First of all, I am not an expert in model theory. I just want to get my personal view on the foundations of mathematics straight.

I just learned in Sergey Melikhov's answer to another question something about the Axiom of Determinacy (AD). This Axiom is equivalent to the statement:

$\forall G \subseteq Seq(S):$

$$\forall a \in S :\exists a' \in S :\forall b \in S :\exists b' \in S :\forall c \in S :\exists c' \in S ... : (a,a',b,b',c,c'...) \in G$$ or $$\exists a \in S :\forall a' \in S :\exists b \in S :\forall b' \in S :\exists c \in S :\forall c' \in S ... :(a,a',b,b',c,c'...) \notin G$$

where $Seq(S)$ is the set of all $\omega$-sequences of some countable set $S$. It is thus some infinitary generalization of de Morgan's rule and seems rather natural. $ZF+AD$ seems to be rather realistic (in my opinion) version of set theory, in the sense that it avoids many unphysical paradoxes (such as non-measurable sets, paradoxical decompositions, non-continuous linear functions on Banach spaces etc.) Still, it seems to be strong enough to reproduce enough infinitary mathematics, so that a development a lot of mathematics and of theoretical physics etc. is possible.

It is a fact that $ZF+AD$ can prove consistency of $ZF$. Basically, the question is whether one can continue this process. The question is more precisely:

Question: Is there a hierarchy, which consists of an axiom $AD_{\alpha}$ for each ordinal some ordinals $\alpha$ (inspired maybe by some version of de Morgan's laws for ordinal sequences of quantifiers applied to sets of sequences in sets of some cardinality), such that $AD=AD_{1}$ and $ZF + \cup_{\beta \leq \alpha} ZF_{\beta}$ can prove consistency of $ZF + \cup_{\beta < \alpha} ZF_{\beta}$.

If that is the case, why not taking $ZF + \cup_{\alpha} AD_{\alpha}$ as the axiomatic foundation of mathematics. The bad thing about this would be that the axioms do not form a set, the payoff would be that it proves the consistency of itself and is philosophically sound.

EDIT: From Emil Jeřábek's comment I understand that the question does not make sense as stated since there are only countably many formulas and hence there cannot be uncountably many axioms. So the right (and more modest) question to ask would maybe be the following:

Question: Does there exist an equally natural axiom $AD'$ (based again on some infinitary version of a well-known principle like de Morgan's laws) which proves (together with $ZF+AD$) consistency $ZF + AD$?

Maybe there is also some infinitary version of set theory which allows for sentences of arbitrary length like the one which was used above to describe the meaning of $AD$. This could be the place, where the first question could have an answer.

  • 2
    $\begingroup$ There are only countably many formulas in the language of set theory, so you cannot in principle iterate this up to uncountable ordinals. In fact, "can prove consistency of $ZF+\bigcup_{\beta<\alpha}ZF_\beta$" is meaningless unless the latter theory is supplied with a recursive axiomatization in some canonical way, which is the reason why consistency statements (and reflection principles and similar business) can usually only be iterated up to $\alpha<\omega_1^{CK}$ (the Church–Kleene ordinal). $\endgroup$ Feb 21, 2011 at 15:10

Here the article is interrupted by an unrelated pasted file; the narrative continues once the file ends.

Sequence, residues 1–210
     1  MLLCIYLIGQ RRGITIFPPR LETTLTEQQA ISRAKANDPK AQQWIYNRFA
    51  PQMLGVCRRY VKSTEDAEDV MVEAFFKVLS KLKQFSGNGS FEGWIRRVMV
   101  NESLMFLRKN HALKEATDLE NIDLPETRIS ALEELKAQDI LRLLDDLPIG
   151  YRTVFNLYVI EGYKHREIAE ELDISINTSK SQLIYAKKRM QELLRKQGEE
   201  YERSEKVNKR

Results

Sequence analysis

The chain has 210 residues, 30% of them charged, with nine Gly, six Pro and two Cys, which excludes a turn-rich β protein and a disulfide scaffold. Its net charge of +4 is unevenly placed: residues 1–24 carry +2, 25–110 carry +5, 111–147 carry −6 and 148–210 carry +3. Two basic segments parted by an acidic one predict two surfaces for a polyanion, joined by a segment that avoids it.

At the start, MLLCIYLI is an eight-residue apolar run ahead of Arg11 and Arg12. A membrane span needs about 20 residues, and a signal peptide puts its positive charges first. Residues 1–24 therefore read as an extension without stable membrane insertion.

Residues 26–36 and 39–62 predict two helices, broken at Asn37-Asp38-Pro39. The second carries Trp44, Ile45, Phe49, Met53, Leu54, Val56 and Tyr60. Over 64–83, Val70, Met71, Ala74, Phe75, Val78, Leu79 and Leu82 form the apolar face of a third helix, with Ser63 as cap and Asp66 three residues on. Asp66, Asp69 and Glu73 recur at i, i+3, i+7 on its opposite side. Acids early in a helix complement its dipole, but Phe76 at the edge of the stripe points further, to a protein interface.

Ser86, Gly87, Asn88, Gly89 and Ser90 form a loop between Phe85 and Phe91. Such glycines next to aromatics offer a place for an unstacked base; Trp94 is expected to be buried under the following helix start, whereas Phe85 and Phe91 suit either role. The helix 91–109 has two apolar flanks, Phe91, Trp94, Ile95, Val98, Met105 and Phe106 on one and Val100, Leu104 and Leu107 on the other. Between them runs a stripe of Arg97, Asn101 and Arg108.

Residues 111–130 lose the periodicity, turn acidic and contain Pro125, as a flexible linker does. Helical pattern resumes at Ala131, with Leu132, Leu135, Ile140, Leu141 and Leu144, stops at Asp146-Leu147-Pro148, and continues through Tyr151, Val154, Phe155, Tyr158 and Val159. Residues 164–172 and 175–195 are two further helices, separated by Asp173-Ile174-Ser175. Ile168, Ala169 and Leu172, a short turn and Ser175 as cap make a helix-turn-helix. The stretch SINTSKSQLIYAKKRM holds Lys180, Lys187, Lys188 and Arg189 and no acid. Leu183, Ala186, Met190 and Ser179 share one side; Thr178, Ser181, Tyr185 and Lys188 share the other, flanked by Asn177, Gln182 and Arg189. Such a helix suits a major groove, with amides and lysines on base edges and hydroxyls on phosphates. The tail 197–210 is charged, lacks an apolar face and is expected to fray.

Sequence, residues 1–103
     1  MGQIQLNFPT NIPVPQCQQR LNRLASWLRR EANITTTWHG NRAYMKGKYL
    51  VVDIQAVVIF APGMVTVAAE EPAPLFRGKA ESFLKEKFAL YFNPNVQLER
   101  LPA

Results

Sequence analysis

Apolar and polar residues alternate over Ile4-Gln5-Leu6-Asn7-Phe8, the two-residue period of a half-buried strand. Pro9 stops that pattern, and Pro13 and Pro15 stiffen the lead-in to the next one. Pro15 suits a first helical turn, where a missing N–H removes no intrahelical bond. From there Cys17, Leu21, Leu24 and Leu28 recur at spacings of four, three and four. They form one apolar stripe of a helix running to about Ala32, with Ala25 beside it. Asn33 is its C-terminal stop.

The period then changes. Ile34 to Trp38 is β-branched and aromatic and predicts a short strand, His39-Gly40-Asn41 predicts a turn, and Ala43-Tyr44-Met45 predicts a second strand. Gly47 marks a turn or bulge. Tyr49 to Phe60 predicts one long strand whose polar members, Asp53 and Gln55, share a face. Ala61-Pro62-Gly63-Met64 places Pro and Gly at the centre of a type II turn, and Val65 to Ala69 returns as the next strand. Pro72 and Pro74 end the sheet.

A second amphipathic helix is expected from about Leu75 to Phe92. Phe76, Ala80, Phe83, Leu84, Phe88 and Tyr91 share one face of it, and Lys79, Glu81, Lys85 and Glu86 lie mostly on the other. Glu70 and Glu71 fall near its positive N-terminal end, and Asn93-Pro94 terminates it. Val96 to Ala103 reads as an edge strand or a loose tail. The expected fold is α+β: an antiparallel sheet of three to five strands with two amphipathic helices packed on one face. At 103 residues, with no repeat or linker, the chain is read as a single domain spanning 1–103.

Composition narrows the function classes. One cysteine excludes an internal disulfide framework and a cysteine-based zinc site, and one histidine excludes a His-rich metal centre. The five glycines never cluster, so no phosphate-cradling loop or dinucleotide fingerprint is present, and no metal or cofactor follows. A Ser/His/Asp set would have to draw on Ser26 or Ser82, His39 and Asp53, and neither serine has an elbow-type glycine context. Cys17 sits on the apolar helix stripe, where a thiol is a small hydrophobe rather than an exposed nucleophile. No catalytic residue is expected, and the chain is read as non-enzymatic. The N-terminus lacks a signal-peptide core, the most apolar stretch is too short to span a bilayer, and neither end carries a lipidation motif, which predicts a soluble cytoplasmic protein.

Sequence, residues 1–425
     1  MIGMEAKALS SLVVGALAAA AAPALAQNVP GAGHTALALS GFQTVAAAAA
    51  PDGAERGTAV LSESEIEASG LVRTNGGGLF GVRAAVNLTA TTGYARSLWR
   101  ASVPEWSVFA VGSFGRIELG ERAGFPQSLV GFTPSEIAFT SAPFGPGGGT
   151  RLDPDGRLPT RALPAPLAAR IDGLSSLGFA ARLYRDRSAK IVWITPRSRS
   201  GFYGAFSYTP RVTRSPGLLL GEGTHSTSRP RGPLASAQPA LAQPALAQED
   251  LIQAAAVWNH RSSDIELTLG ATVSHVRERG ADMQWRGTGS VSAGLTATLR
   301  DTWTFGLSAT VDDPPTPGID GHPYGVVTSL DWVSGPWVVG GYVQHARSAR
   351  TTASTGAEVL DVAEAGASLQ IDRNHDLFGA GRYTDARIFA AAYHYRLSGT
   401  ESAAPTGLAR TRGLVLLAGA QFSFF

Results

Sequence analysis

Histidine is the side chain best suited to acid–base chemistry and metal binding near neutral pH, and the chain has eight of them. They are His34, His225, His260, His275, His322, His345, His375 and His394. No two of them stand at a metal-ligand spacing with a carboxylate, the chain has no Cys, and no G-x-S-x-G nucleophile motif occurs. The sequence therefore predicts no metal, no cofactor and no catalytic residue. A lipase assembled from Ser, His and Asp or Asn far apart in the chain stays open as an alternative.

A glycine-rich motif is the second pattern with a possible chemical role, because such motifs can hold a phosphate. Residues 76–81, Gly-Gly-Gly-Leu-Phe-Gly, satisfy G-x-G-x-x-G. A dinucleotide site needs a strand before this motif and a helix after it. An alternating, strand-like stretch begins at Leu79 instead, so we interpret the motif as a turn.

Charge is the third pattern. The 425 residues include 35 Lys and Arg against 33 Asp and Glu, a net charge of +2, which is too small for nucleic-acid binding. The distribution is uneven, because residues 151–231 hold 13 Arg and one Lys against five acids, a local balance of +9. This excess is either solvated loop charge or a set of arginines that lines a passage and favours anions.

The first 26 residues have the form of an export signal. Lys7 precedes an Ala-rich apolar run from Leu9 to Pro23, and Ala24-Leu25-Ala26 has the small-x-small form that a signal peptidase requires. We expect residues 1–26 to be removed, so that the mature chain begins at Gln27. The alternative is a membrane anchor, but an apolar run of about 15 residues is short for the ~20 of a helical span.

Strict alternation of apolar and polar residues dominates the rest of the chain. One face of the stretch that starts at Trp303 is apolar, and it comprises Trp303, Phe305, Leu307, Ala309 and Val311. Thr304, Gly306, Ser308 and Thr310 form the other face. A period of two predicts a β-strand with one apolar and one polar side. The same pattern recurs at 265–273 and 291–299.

• $\begingroup$ @Emil Jeřábek: Thanks a lot for your comment. So far, I am just trying to make as much sense as possible of this rough idea. The statement above with the infinite sequence of quantifiers does also not make sense literally, but it has a meaning if you interpret it suitably. But I see, since there are only countably many formulas at all, you cannot have uncountably many axioms. Maybe what I am asking for has to be formulated in some sort of infinitary logic where statements like the one in my informal description of AD really exist. $\endgroup$ Feb 21, 2011 at 17:33
  • $\begingroup$ There are only countably many formulas in the language of set theory, so there's no such collection $ZF + \cup _{\alpha} AD_{\alpha}$ of axioms that don't form a set. $\endgroup$ Feb 21, 2011 at 17:40
  • 1
    $\begingroup$ Well, you can indeed get a lot of infinite combinatorics out of AD. The question is whether you would like to give up useful things like the Hahn-Banach theorem. $\endgroup$ Feb 21, 2011 at 18:39
  • 1
    $\begingroup$ Stefan, Hahn-Banach for separable Banach spaces can be proved with AD. That is sufficient for many applications. Since many interesting inseparable Banach spaces have a separable pre-dual, many arguments are still valid; but of course, careful analysis is needed. $\endgroup$ Feb 21, 2011 at 19:04

2 Answers 2


There is a generalization of the compactness theorem to infinitary logics that sounds somewhat close to what you want. Specifically, the compactness theorem tells us that every finitely satisfiable theory of the usual formulas from a first-order language $L$ is satisfiable. For any uncountable cardinal $\kappa$, we can extend $L = L_{\omega, \omega}$ to the infinitary language $L_{\kappa, \kappa}$ by closing the usual formulas under $\bigwedge_{\xi < \lambda}\varphi_{\xi}$, $\bigvee_{\xi < \lambda}\varphi_{\xi}$, $\exists \langle x_{\xi}| \xi < \lambda\rangle$, and $\forall \langle x_{\xi}| \xi < \lambda\rangle$ for all $\lambda < \kappa$. We then define $\kappa$ to be strongly compact if an analogous theorem holds for arbitrary $L_{\kappa, \kappa}$, mainly that if every collection of fewer than $\kappa$ many statements from a theory in $L_{\kappa, \kappa}$ is satisfiable, then the theory is satisfiable.